I initially wrote the first draft of this post over a year and a half ago. Shortly after that, my life changed dramatically and the focus had to shift to others. But I hope I’m back on track now. I’ve edited my original writing and updated it to be more current.
Have you heard of the “pain thermometer”? I’m not talking about physical pain but emotional pain. Years ago, when I was working, we often had a local psychologist speak to us about change, and how you had to reach a certain level on the pain thermometer before you were ready.
I’ve reached that point with my weight.
Let me give you a little history first. Eighteen years ago, I went through a similar experience. I was fed up with how I looked and how difficult it was to find a pair of jeans that fit!! It was tough because growing up, I actually wanted to gain weight. So, I was used to being able to eat anything I wanted. I reached a “ten” on the pain thermometer and became very disciplined with my exercise and eating.
I eventually lost 35 pounds. It didn’t happen overnight. Although I did lose about 18 pounds fairly quickly, it took over a year to get to my lowest weight. It helped that at that time I was drinking orange juice every morning and regular Pepsi every day. Once I cut both of those out, I lost the easiest pounds.
This time – a year and a half ago
I was tired of looking in my closet and seeing clothes I couldn’t wear. Or clothes I could wear but didn’t look very good on me. I was tired of wearing the same pair of shorts all summer. I was tired of feeling ugly.
Up until then, most of my efforts were half-hearted. I’d eat well for a few days and walk a little bit, but then I’d be right back eating all the wrong things and I’d stop walking. I could blame the eating on Tim, but that wouldn’t be fair. I need to have willpower, no matter the temptations.
Well, I hit “ten” again.
I made positive changes for a while – eating and exercising – and then Tim had his injury. He was home every day and we were fighting over who could use the treadmill because he didn’t feel comfortable running outside. We both like to get it done in the mornings.
Then my mom had her fall and brain injury. There were months of up and down and never knowing what I’d be doing each day. Tim took over the grocery shopping and most of the cooking. When we didn’t feel like cooking, we’d grab whatever we could for meals. It was a bad cycle.
I was doing better over the summer but then my mom spent nine days in the hospital at the end of July and that completely set me back. No time to exercise and eating was hit and miss.
This time – now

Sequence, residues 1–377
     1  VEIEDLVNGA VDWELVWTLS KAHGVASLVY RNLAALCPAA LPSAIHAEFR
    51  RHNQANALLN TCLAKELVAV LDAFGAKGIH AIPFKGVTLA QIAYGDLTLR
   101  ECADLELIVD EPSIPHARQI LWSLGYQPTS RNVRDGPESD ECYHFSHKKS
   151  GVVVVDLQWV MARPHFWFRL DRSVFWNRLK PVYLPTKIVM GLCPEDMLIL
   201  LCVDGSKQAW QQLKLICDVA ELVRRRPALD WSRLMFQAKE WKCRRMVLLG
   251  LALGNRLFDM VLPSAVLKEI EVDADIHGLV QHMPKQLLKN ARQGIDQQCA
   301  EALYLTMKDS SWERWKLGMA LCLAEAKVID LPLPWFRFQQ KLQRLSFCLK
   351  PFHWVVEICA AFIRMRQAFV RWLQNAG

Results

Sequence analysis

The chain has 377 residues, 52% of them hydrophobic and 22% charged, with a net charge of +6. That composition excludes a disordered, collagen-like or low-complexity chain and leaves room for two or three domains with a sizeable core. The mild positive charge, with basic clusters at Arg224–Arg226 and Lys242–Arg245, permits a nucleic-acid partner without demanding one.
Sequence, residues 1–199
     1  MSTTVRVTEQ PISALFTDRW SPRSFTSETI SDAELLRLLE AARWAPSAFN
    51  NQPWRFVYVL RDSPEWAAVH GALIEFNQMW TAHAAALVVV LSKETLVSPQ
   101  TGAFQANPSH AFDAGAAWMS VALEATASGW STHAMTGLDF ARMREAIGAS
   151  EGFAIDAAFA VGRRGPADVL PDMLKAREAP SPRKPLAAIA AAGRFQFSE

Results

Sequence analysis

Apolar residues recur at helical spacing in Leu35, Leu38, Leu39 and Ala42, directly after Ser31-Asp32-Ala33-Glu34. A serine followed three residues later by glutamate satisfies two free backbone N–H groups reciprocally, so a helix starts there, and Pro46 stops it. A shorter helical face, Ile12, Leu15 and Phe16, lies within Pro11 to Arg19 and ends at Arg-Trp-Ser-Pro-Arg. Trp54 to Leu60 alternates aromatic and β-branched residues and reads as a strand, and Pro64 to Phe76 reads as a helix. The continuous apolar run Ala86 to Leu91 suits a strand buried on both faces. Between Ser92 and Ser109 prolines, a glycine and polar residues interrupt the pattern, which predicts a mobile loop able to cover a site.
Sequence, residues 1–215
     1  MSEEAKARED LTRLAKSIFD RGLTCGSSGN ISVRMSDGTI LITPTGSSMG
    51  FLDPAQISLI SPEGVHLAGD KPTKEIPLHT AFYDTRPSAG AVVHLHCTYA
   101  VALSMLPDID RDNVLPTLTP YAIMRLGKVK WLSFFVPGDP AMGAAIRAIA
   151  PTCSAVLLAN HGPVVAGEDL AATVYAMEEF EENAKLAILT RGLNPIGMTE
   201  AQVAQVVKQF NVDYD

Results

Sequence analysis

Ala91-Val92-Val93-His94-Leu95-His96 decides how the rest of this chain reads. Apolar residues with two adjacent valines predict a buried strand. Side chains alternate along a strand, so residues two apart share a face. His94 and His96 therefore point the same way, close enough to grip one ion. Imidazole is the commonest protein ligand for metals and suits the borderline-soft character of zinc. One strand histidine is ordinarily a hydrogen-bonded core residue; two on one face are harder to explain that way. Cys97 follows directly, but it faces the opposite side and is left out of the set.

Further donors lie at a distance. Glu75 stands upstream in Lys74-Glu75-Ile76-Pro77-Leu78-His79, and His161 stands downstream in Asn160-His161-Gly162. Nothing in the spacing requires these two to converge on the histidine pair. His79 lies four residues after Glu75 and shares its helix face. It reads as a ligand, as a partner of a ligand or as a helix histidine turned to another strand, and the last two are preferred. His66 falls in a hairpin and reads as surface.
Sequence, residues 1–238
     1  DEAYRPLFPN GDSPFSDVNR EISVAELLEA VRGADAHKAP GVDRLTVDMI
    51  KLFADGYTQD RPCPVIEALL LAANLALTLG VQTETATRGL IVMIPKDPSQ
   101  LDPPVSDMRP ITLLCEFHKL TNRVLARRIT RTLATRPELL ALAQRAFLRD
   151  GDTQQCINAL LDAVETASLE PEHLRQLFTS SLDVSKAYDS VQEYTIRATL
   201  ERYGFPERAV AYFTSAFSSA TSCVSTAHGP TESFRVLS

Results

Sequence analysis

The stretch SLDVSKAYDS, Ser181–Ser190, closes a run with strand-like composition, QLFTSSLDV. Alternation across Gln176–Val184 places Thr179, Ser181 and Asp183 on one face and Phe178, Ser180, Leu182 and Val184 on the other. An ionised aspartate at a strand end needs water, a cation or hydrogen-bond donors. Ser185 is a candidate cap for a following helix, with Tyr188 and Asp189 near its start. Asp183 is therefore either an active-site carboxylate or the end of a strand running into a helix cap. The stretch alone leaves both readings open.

Last August, I became aware of an eating plan that could help me get back on track. Earlier in the summer, a friend of mine introduced me to a company called Melaleuca. It’s an online “store” that sells natural products. They were promoting a diet plan called R3 – Reset, Reintroduce, Real Life.
I was very disciplined with the plan the first two weeks and I lost 5.4 pounds and 8.25 inches. After six weeks, I’d lost 8.2 pounds and 14 5/8 inches. I started walking with a goal of 4 times per week with distances between 2.5 and 3 miles.
Initially, it came off pretty fast, but I’ve kind of plateaued since November. I’m not letting that discourage me. You see, I’ve done this before so I know what to expect. That definitely helps me mentally. And I keep thinking about how I’ll feel when I get to where I want to be. I know that feeling too.
Even after the first 5.4 pounds, I felt better about myself. And while I’m not doing as well as I could, as of March 22 I’d lost a total of 14.2 pounds and 21.75 inches. I’m looking in my closet with a fresh perspective. I’m pulling out a few things I haven’t worn for a while. While I’d like to lose at least 15 more pounds, I’m encouraged. I’m feeling more self-confident and good about myself.
I have good and bad eating days, but I don’t let the bad ones change my overall behavior. I am faithfully walking 4 times a week. I’ve had a few nice outside walks this spring and I can’t wait for our temperatures to stay a little higher so I can regularly move my walks from the treadmill.
I don’t want my retirement to be about letting myself go. And while I’m doing this for me, I want my husband to be proud to call me his wife.
As hard as losing weight can be, maintaining it is even harder. I know that from experience too. How do you think I got into this mess again? That’s why I have to think of this as a lifestyle and not a diet.
I’m not saying I can’t ever eat sweets again. I love them far too much. But they will have to be for a special occasion or I’ll have to stop after one cookie instead of eating three without thinking. See, my problem is stopping once I’ve started.
I’m better off if I eat none of those things, which is what I try to do. It was a little tough during the holidays but I was pretty careful. The last time I did this, I didn’t start until the first of the year so I got all of the holiday eating out of my system.
It feels good to focus on me. There’s definitely an aspect of wanting to improve my appearance, but it’s much more than that. I want to feel healthy and confident. And after my last doctor’s appointment (read this), I definitely need to watch my sugar intake.
I want to feel good about myself again. I want to look in the mirror and like the person I see. I am definitely worth it!!